“Crudely Worded Criticism” Brings Court Case To A Close (for now)

It has been just over eight months since we last examined the court battle between the Buffalo Philharmonic Orchestra (BPO) and their former principal oboist, Pierre Roy. After losing an arbitration over his dismissal, Roy sought to overturn the decision in federal court but according to an article by Dan Herbeck in the 2/16/2016 edition of the The Buffalo News, the judge refused to overturn the decision.

Adaptistration People 190Although the decision doesn’t come as a surprise, it is sad to see that the field hasn’t made much, if any, substantive progress on improving human resources (HR) practices capable of marginalizing potential issues such as the BPO/Roy ordeal.

We examined this issue in detail via an article from 6/1/2015 titled How To Ruin Your Career in 10,000 Words Or Less or Why The Orchestra Field Needs To Take HR Seriously and since then, there has been little to no focus on professional development or increased discussion inside the field’s primary service organization, The League of American Orchestras.

The League’s 2015 summer conference didn’t include much and their Learning & Leadership Development online resource lists lump HR issues in with Finance and even then, all but one item is geared toward the latter.

For now, I’ll simply reiterate what I wrote back in 2015:

The BPO/Roy ordeal could (and should) serve as a rallying cry for the philanthropic community to begin funding efforts with the goal of improving the nonprofit orchestra workplace environment by encouraging orchestras to create and implement quality HR indoctrination material.

Although it certainly won’t prevent situations like the BPO/Roy ordeal, it would go a long way toward marginalizing these incidents thanks to educating both artistic employees, staff, and executive administrative and artistic leadership on acceptable behavior.

Perhaps unsurprisingly, the BPO offered no comment to the latest Buffalo News article and Roy reportedly had nothing but “crudely worded criticism for The Buffalo News and a BPO attorney during a brief telephone interview.”

Regardless whether or you’re familiar with the BPO/Roy case or not, Herbeck’s most recent article provides an excellent overview of specific instances that led to Roy being fired and why those issues were upheld by the court. If nothing else, it’s a good resource for learning more about the sorts of behaviors that have no place inside a professional workplace.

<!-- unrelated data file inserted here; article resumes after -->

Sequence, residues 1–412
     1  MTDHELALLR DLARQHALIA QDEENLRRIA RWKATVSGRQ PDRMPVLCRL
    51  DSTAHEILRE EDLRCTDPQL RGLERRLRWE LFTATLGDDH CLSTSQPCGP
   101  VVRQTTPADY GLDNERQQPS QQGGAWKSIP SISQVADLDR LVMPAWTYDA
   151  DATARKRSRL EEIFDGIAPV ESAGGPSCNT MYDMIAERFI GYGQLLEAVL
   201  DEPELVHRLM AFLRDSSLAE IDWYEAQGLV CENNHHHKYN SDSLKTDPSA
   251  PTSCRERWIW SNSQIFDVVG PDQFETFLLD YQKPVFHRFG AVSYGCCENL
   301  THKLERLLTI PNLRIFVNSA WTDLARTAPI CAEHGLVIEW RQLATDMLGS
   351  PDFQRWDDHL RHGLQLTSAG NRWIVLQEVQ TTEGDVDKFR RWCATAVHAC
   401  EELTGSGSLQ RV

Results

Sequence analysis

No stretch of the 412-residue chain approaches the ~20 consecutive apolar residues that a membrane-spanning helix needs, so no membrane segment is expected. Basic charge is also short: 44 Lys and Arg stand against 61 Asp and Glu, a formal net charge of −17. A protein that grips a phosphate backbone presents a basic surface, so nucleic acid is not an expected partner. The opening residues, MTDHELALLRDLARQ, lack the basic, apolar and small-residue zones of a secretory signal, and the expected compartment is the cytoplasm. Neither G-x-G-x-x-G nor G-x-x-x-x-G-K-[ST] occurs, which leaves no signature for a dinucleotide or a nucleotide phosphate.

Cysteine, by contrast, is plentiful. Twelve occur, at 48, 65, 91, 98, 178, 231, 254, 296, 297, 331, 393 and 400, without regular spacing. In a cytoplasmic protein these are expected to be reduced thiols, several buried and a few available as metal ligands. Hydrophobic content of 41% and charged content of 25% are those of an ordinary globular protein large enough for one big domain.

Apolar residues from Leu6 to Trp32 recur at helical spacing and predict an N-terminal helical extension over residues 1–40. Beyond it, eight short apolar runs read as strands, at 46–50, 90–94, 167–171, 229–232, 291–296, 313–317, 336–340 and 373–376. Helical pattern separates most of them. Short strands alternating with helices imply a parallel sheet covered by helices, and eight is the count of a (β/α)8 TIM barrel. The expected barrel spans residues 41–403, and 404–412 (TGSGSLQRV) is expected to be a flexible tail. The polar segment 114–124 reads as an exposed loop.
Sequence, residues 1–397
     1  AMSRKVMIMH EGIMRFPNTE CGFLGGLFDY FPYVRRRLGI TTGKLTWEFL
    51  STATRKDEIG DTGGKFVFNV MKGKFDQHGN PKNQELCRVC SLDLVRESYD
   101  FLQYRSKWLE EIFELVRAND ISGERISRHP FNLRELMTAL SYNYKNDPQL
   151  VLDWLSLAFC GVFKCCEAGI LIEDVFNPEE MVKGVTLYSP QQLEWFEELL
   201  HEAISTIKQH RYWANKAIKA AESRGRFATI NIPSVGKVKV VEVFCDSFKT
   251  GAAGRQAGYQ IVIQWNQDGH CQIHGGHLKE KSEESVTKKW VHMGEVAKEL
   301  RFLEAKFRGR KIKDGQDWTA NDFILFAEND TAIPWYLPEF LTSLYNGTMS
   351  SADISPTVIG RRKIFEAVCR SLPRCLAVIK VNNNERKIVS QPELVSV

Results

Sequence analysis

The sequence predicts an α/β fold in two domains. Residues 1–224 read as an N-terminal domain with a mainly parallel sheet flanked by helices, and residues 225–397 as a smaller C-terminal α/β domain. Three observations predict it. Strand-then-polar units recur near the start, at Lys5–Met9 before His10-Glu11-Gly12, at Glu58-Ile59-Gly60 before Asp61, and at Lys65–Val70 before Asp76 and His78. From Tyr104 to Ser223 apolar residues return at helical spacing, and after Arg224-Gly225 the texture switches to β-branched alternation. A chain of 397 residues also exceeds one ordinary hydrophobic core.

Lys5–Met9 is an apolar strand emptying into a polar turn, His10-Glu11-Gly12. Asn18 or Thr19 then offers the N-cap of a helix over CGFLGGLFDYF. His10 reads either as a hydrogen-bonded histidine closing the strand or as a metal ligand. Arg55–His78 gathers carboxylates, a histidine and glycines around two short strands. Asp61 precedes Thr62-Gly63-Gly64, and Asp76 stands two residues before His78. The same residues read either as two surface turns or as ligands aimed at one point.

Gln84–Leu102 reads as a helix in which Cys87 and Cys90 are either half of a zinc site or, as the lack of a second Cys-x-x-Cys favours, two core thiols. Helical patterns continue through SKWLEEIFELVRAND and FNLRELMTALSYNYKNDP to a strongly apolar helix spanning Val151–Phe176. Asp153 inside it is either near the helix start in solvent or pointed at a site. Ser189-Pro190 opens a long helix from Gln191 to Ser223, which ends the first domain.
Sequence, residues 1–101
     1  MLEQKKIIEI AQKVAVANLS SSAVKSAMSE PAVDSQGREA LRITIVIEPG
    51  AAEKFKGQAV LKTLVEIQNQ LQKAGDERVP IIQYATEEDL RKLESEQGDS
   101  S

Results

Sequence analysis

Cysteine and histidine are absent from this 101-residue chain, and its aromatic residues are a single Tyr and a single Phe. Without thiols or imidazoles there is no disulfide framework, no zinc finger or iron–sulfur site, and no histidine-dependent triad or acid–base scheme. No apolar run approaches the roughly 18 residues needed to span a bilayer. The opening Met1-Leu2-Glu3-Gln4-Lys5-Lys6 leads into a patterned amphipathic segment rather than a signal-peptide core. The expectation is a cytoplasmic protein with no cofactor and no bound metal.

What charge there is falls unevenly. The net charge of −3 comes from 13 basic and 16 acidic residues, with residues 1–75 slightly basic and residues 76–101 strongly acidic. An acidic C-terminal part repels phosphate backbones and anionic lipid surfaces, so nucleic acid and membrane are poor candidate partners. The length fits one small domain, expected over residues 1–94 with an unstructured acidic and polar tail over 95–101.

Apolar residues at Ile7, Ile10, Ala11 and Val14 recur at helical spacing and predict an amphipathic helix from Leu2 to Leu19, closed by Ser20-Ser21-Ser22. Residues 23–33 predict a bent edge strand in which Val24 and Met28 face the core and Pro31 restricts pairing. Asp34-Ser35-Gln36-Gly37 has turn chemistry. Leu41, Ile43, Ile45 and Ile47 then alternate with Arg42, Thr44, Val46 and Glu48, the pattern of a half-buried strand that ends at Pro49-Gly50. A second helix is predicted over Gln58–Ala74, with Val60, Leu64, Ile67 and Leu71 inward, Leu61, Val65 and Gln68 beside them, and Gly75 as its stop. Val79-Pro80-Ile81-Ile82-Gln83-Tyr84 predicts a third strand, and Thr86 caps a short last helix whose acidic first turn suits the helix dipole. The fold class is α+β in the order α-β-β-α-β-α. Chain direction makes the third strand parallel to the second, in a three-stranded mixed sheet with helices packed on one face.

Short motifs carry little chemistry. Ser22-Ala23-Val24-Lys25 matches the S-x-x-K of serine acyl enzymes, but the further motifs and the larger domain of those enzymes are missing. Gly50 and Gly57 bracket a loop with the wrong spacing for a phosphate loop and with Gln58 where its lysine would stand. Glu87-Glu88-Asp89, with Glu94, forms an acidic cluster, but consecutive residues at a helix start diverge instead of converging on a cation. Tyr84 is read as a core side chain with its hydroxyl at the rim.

About Drew McManus

"I hear that every time you show up to work with an orchestra, people get fired." Those were the first words out of an executive's mouth after her board chair introduced us. That executive is now a dear colleague and friend but the day that consulting contract began with her orchestra, she was convinced I was a hatchet-man brought in by the board to clean house.

I understand where the trepidation comes from as a great deal of my consulting and technology provider work for arts organizations involves due diligence, separating fact from fiction, interpreting spin, as well as performance review and oversight. So yes, sometimes that work results in one or two individuals "aggressively embracing career change" but far more often than not, it reinforces and clarifies exactly what works and why.

In short, it doesn't matter if you know where all the bodies are buried if you can't keep your own clients out of the ground, and I'm fortunate enough to say that for more than 15 years, I've done exactly that for groups of all budget size from Qatar to Kathmandu.

For fun, I write a daily blog about the orchestra business, provide a platform for arts insiders to speak their mind, keep track of what people in this business get paid, help write a satirical cartoon about orchestra life, hack the arts, and love a good coffee drink.

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